Newt Gingrich

Who's funding Newt Gingrich?

Oil companies, coal companies and real estate barons shell out big dollars for Gingrich's political committee


Justin Elliott
August 10, 2010 10:25PM (UTC)

Newt Gingrich's ex-wife told Esquire that the former speaker cares more about getting rich than running for president. So we decided to take a closer look at who is funding Gingrich's primary political committee, a 527 group called American Solutions for Winning the Future. A significant chunk of its funding comes from oil and gas and coal companies and wealthy real estate evelopers, with the rest raised in $100 and $200 increments from conservatives around the country, according to the group's IRS filings.

American Solutions doesn't appear to pay Gingrich a direct salary, but it has spent millions on private jets to ferry him and his staff around the country and generally allow him to promote his books and movies. (There are other groups, like Gingrich's for-profit Center for Health Transformation, that may be paying Gingrich directly, but such information is private.) So far this election cycle, American Solutions has taken in over $20 million, and poured much of it back into fundraising expenses.

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We've taken a look at the IRS forms that American Solutions files periodically showing what's coming in and what's going out. Here are some of the group's biggest funders:

  • American Electric Power: Michael Morris, the CEO of this Ohio-based power giant, gave $100,000 last year. Along with generating lots of electricity, the company operates the nation's largest power transmission network, operating over much of the East Coast and Midwest.
  • Plains Exploration and Production Co.: This Houston-based oil and gas company that operates in the Gulf gave $100,000.
  • Workforce Fairness Institute: A Washington, D.C.-based anti-union pressure group, the institute's own source of funding is not known. It gave $150,000 to Gingrich's organization this cycle. Its website says it is "funded by and advocates on behalf of business owners who enjoy good working relationships with their employees, and would like to maintain those good relationships without the unfair interference of government bureaucrats, union organizers and special interests." Mark McKinnon, the longtime GOP operative and Bush aide, has been a spokesman for the institute.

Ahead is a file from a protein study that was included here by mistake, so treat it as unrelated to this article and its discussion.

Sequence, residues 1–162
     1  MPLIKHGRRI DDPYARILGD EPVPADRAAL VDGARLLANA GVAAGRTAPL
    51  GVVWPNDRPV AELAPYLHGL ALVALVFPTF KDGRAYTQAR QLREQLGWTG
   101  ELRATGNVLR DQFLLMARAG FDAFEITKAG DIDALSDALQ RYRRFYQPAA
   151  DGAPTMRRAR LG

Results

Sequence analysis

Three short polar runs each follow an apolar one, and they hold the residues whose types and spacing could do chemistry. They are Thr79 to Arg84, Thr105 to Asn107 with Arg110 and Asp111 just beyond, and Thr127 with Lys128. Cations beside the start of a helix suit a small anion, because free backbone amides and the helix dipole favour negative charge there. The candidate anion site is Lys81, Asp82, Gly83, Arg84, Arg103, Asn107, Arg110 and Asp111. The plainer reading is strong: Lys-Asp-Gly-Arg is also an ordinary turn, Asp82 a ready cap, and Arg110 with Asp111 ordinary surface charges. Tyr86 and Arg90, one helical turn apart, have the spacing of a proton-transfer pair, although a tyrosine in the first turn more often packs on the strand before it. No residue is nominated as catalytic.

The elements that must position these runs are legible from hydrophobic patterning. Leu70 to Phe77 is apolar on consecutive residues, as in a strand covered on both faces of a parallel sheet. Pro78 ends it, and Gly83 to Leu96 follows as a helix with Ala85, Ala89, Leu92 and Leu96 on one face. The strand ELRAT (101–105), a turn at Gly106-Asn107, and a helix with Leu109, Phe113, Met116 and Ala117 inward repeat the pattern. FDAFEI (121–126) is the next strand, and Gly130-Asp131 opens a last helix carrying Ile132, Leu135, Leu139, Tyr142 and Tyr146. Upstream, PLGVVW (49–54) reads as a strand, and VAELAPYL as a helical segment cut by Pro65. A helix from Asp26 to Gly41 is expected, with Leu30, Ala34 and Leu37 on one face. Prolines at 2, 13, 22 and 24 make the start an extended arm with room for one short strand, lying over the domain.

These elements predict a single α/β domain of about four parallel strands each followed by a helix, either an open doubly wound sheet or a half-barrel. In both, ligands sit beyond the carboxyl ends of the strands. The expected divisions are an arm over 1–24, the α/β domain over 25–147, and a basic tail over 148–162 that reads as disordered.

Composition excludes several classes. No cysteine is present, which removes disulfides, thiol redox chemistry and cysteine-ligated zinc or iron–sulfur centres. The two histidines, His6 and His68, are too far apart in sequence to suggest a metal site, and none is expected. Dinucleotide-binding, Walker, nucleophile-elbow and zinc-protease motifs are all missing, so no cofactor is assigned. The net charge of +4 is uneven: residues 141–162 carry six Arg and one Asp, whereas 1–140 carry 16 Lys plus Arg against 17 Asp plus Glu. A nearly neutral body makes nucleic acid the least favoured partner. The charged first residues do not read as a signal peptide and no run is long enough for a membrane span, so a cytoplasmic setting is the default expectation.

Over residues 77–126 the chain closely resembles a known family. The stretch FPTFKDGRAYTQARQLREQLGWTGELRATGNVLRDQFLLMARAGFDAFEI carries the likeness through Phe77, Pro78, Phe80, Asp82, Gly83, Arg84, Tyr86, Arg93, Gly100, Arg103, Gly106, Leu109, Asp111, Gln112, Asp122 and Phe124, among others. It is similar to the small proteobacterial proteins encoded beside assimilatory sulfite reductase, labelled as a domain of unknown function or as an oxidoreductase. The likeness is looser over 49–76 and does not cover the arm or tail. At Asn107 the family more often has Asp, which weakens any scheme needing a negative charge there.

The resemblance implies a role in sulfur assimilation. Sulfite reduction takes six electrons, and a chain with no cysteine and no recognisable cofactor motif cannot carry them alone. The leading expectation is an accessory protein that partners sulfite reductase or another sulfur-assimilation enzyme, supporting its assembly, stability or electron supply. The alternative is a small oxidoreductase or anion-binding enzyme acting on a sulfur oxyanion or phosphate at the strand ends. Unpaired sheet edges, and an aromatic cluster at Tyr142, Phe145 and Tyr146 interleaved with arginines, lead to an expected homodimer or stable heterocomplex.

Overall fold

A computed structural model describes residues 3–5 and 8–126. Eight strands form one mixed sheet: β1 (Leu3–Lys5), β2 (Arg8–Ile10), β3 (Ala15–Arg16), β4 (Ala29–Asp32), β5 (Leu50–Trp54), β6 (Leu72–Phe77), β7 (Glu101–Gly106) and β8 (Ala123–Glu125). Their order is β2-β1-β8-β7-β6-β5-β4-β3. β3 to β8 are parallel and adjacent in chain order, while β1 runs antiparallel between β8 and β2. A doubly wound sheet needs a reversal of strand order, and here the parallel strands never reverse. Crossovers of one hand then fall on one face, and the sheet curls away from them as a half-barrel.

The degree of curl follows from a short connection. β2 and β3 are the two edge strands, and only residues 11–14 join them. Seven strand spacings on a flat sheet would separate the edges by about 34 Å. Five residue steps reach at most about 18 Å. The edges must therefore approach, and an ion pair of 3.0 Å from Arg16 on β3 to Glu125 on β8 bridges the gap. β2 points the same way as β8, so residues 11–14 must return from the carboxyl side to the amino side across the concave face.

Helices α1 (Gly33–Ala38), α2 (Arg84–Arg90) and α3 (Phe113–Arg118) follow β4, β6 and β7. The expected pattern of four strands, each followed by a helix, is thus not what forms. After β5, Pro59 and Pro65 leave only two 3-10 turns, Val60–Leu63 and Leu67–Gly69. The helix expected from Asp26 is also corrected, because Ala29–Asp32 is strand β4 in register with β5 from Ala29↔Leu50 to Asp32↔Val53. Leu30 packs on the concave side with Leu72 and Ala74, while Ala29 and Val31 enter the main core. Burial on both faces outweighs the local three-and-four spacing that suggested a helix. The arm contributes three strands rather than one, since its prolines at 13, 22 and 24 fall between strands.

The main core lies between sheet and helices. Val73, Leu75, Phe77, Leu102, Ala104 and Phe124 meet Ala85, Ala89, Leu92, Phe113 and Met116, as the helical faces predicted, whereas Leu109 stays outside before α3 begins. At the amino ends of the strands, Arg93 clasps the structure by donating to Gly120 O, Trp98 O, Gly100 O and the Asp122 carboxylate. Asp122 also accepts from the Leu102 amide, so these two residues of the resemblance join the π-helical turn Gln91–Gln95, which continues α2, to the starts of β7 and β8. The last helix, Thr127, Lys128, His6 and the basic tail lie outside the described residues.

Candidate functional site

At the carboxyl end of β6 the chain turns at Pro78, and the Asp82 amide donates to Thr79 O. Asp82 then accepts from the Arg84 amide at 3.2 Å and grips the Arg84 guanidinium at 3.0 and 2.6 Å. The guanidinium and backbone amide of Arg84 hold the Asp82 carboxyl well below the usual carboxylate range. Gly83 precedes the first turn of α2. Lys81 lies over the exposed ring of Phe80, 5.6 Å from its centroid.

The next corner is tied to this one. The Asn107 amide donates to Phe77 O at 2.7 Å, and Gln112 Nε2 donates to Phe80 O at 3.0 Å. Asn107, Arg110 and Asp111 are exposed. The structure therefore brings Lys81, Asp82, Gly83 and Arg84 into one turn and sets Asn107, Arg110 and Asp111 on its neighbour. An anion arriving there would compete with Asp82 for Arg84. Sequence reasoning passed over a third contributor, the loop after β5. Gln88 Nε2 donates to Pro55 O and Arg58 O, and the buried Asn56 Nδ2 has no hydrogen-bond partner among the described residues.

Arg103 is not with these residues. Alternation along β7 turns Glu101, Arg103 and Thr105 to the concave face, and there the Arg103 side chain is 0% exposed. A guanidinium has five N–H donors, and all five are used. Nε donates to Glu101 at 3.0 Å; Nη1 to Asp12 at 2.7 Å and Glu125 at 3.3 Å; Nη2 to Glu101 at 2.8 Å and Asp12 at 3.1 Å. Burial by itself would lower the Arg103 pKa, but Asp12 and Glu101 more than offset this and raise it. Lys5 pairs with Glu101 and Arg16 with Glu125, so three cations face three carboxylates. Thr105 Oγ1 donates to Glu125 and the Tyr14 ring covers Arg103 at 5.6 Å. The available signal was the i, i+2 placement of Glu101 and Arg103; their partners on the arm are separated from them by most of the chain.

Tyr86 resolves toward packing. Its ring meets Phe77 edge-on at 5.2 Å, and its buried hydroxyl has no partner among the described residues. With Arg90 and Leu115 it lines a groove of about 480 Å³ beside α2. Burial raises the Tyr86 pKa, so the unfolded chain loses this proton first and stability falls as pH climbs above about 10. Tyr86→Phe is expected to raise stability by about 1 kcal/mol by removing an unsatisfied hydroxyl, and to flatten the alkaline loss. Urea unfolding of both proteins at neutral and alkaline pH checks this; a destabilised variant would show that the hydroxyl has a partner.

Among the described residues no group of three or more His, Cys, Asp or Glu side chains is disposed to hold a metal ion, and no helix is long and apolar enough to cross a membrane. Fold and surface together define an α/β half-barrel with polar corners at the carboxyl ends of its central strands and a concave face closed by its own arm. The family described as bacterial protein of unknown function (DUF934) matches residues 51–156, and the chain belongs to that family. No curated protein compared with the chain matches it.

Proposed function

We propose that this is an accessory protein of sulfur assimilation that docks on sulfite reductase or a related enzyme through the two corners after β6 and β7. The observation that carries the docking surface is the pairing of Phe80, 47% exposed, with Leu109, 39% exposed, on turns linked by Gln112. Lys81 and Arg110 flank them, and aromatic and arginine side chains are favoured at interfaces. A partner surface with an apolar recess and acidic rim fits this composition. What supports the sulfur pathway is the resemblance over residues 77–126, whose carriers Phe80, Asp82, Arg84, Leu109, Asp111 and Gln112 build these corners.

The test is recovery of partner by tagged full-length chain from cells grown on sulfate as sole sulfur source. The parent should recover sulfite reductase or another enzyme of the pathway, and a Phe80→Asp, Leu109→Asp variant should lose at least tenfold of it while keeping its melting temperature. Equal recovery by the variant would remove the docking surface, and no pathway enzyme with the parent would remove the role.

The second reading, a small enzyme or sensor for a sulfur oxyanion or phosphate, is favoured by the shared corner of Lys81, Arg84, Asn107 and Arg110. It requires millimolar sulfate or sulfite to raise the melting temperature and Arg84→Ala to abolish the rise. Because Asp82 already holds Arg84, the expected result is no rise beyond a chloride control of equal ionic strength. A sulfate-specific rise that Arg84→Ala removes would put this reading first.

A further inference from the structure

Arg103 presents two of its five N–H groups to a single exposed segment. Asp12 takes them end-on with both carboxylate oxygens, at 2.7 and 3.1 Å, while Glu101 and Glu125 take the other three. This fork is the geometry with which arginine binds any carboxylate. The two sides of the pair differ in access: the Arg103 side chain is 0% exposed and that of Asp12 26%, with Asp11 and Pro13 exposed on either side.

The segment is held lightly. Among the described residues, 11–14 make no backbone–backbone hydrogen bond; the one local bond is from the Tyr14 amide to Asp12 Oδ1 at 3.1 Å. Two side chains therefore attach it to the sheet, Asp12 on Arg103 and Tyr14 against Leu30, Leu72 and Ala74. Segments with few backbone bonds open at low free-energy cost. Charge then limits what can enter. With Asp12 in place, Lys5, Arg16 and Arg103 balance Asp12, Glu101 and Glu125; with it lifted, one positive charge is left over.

• Hubbard Broadcasting: Stanley Hubbard, a billionaire GOP donor from Minnesota, gave Gingrich's group $100,000. He owns radio and TV stations in several states as well as ReelzChannel, a movie news channels on cable.
  •  Devon Energy: A huge Oklahoma-based oil and gas production company, it has given American Solutions $250,000.
  • Arch Coal: Based in St. Louis, Arch boasts it provides 16 percent of America's coal supply from 11 mining complexes around the country. That makes it the second largest coal producer in the country. It gave Gingrich $100,000.
  • Crow Holdings: A privately held Dallas real estate investment firm, it gave Gingrich's group a whopping $350,000. Harlan Crow, son of the late real estate investor Trammell Crow, is active in a range of conservative causes including the Club for Growth and the American Enterprise Institute. He is a patron of Clarence Thomas and once gave the justice a Bible owned by Frederick Douglass worth $19,000.

Unsurprisingly, given the contributor list, American Solutions has run national TV ads opposing the cap-and-trade bill. But more than anything, the group is a vehicle for self-promotion for Gingrich, one that he benefits from financially.

This is particularly notable because Gingrich struggled through much of his earlier career with financial problems. Speaking to Esquire, his ex-wife Marianne recounted one story when she and Newt, burdened with child support payments and other debts, didn't have $10 to buy a charity ticket. Then in 1997, when he was fined $300,000 by the House for ethical lapses -- some involved financial shenanigans with his network of charities -- he simply didn't have the money to pay. This led to an embarrassing episode in which he was going to get a loan from Bob Dole to pay the fine before scrapping the arrangement when it came under scrutiny.

So if what Gingrich really cares about is making money, as his ex-wife contends, American Solutions is a significant accomplishment.


Justin Elliott

Justin Elliott is a reporter for ProPublica. You can follow him on Twitter @ElliottJustin

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